For some New Yorkers, climate change is a hoax. For others, it's real but the effects still don't register.

Andrew Rice takes a deep dive into the future of a New York City that will see its streets swell with water as the sea rises. Right now, a 100 year storm that produces a surge of six feet has about a one percent chance of happening each year. By 2050, if the patterns follow the estimates, those floods will become five times more likely.

As serious as New Yorkers can be about the problems of flooding, especially after Hurricane Sandy in 2012, most still aren't thinking about what the future entails. Rice says industries and societies continue to build, thinking we can fight nature.

After Sandy, Mayor Bloomberg pledged to direct some $20 billion in disaster aid into “climate resiliency” measures, such as flood-proofing buildings by moving mechanical equipment to upper floors. In areas that were hit hard by the storm, many homeowners have taken advantage of a city program called “Build It Back,” reconstructing their houses high up on stilts. Beneath this defiant civic agenda is an old, blithe assumption that New York is too rich, too important, too tough, to ever give up an inch of real estate. “We still have essentially the gung ho, Wild West way of doing business in this country, where we think we are the master of nature,” Jacob said. “Fighting, building barriers, instead of accommodating the ocean.”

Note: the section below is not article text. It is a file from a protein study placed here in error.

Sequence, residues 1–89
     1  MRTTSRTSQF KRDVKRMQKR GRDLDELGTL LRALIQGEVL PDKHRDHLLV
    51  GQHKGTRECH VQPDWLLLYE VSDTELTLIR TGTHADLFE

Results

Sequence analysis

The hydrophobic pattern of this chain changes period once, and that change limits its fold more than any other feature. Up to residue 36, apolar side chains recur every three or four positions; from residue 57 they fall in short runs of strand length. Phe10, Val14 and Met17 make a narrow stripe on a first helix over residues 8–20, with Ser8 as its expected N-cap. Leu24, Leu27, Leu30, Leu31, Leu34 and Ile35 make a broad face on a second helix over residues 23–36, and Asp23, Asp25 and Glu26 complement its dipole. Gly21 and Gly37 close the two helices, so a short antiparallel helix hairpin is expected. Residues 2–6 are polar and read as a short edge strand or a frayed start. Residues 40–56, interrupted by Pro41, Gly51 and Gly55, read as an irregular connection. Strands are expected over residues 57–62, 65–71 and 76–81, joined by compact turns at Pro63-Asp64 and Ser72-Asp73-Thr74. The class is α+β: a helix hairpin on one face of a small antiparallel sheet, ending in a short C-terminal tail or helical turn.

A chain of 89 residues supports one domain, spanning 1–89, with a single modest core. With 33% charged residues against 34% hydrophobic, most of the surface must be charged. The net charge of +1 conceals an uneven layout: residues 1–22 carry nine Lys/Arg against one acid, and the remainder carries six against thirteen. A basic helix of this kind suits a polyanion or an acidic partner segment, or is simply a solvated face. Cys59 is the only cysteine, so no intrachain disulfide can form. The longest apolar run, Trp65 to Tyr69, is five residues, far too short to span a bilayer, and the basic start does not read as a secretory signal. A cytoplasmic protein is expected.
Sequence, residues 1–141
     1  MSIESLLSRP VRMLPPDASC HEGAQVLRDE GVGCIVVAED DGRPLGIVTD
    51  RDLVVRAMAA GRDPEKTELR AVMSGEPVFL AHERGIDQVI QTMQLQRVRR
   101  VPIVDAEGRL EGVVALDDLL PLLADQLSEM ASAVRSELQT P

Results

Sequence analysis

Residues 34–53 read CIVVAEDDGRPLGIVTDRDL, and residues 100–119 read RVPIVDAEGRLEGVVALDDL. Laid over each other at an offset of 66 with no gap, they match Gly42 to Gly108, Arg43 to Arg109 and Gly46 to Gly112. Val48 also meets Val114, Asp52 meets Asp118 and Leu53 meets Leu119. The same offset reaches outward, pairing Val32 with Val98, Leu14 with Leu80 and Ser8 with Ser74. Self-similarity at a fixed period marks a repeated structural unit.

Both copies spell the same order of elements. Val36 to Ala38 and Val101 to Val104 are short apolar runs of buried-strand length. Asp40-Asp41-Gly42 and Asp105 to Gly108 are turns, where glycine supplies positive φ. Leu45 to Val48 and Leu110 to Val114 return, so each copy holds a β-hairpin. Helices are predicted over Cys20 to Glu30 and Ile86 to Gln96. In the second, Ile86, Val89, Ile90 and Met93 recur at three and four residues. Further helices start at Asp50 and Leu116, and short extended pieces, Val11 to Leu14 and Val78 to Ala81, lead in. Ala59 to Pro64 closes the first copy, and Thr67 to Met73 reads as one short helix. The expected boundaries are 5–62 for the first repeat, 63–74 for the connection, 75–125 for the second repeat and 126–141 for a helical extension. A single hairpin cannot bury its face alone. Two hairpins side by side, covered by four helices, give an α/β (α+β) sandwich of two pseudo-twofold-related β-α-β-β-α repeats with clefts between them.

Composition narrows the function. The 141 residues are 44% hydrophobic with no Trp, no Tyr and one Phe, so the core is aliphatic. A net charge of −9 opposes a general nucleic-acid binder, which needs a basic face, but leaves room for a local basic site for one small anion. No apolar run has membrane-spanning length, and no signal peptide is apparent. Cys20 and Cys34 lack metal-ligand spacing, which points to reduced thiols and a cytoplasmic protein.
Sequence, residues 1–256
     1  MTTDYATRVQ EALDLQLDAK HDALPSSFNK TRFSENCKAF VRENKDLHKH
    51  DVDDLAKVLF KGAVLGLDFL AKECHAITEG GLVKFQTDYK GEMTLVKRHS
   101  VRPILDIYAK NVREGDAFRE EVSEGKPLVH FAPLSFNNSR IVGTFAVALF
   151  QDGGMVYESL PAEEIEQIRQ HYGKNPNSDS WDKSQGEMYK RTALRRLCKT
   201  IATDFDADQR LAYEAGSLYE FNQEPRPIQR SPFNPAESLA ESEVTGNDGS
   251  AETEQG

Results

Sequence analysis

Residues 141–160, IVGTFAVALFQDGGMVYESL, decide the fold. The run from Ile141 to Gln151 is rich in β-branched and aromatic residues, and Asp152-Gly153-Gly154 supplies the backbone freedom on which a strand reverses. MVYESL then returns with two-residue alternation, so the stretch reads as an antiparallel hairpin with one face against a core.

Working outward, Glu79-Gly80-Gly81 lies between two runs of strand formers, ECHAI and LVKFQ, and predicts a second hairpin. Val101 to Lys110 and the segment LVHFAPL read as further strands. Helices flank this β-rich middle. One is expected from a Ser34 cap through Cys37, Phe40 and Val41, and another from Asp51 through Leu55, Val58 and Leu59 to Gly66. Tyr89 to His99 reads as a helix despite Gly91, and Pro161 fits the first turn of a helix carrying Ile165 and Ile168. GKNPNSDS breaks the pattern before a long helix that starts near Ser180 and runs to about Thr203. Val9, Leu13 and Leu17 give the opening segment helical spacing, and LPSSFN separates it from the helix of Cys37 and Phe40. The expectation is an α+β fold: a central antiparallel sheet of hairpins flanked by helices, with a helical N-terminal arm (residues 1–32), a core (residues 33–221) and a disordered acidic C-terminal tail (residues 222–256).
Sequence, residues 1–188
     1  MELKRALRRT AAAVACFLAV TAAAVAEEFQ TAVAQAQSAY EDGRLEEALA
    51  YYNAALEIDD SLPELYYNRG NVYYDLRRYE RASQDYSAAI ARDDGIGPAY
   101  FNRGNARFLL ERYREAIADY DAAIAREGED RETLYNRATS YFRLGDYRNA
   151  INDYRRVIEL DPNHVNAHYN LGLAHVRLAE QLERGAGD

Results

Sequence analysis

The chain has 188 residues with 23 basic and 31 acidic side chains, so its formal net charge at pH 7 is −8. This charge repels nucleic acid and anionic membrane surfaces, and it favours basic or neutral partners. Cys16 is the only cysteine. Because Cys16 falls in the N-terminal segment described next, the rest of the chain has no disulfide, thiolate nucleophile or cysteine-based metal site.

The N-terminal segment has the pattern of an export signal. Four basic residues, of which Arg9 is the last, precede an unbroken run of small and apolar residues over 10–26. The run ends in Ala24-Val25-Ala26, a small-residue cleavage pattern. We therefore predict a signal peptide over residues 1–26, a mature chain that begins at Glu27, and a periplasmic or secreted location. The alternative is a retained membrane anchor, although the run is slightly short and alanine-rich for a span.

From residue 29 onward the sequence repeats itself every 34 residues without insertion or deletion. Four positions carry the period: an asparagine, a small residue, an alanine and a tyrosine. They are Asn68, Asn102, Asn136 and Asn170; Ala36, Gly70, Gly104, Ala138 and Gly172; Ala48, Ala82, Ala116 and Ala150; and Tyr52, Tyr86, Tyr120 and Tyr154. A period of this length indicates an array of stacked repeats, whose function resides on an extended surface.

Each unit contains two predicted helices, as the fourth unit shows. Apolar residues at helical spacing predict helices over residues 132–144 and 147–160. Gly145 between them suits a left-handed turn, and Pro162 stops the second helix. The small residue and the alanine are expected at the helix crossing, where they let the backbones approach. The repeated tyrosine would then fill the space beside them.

If sea-level rise reaches 2.5 feet, the floodplain for a hundred-year storm will expand to nearly a quarter of the city. The climate-change panel predicts that could happen by 2050, which still leaves some time for long-range planning. That is the kind of foresight that used to be New York’s specialty: The Commissioners’ Plan of 1811, for instance, established the street grid that defines Manhattan above Houston [Street] to this day. At present, however, the city appears to be unable to accept the fact that it faces an inevitable reckoning. The human tide is moving in the wrong direction, still marching toward the waterline.

Read more >